Cornell has two finalists, Diakomihalis and No. 3 seed Vito Arujau of Cornell, who beat three-time NCAA runner-up Daton Fix of Oklahoma State and earned the right to face Bravo-Young for the title on Saturday.
Starocci stopped Chris Foca of Cornell in the semifinals, 6-0. He will face No. 2 Mikey Labriola of Nebraska, who knocked off past NCAA champion and No. 3 seed Mekhi Lewis of Virginia Tech, 3-1 in tie breaker one.
Brooks reached the finals after a 6-3 win over No. 2 Trent Hidlay of NC State. He will battle No. 1 seed Parker Keckeisen of Northern Iowa in the finals, who beat No. 4 Trey Munoz of Oregon State, 5-1 in the other semifinals.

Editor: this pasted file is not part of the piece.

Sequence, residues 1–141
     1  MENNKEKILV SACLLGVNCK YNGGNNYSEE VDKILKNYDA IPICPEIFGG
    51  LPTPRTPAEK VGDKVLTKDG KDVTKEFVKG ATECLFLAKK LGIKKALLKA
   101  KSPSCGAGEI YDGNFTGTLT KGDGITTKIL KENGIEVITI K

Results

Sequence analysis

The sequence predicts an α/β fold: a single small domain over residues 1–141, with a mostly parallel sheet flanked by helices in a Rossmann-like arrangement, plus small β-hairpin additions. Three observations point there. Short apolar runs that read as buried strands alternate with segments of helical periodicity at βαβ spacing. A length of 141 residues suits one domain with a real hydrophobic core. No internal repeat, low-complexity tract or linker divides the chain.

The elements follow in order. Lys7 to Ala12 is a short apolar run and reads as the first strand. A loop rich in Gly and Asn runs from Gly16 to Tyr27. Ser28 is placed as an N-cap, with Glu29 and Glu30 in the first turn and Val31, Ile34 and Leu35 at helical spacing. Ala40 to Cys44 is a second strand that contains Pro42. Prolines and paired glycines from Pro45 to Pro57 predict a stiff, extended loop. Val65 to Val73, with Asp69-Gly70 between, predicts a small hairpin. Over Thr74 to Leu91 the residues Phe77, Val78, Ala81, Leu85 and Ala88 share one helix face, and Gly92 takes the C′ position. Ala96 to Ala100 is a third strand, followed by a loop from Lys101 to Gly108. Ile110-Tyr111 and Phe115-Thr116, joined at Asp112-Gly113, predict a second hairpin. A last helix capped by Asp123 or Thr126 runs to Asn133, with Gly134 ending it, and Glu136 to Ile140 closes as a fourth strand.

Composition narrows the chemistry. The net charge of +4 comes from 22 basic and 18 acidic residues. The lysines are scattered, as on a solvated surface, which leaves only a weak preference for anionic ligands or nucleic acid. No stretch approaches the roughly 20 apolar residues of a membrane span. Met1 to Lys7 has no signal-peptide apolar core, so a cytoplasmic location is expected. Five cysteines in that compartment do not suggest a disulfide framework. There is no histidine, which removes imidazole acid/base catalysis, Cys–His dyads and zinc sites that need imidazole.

Kerkvliet beat No. 2 seed Wyatt Hendrickson of Air Force, 4-2, riding him out for the third period to hold a one-point lead and secure riding time. He battles No. 1 seed Mason Parris of Michigan in the finals, who had an impressive 16-1 technical fall victory over Tony Cassioppi of Iowa.
The 197-pound finals will feature No. 1 seed and past NCAA runner-up Nino Bonaccorsi of Pitt, who battles No. 7 seed Tanner Sloan of South Dakota State.
NCAA DIV. I MEN’S WRESTLING CHAMPIONSHIPS
At Tulsa, Okla., March 17, 2023
125 - No. 2 Pat Glory (Princeton) vs. No. 4 Matt Ramos (Purdue)
133 - No. 1 Roman Bravo-Young (Penn State) vs. No. 3 Vito Arujau (Cornell)
141 - No. 1 Real Woods (Iowa) vs. No. 2 Andrew Alirez (Northern Colorado)
149 - No. 1 Yianni Diakomihalis (Cornell) vs. No. 2 Sammy Sasso (Ohio State)
157 - No. 1 Austin O`Connor (North Carolina) vs. No. 2 Levi Haines (Penn State)
165 - No. 1 David Carr (Iowa State) vs. No. 2 Keegan O`Toole (Missouri)
174 - No. 1 Carter Starocci (Penn State) vs. No. 2 Mikey Labriola (Nebraska)
184 - No. 1 Parker Keckeisen (Northern Iowa) vs. No. 3 Aaron Brooks (Penn State)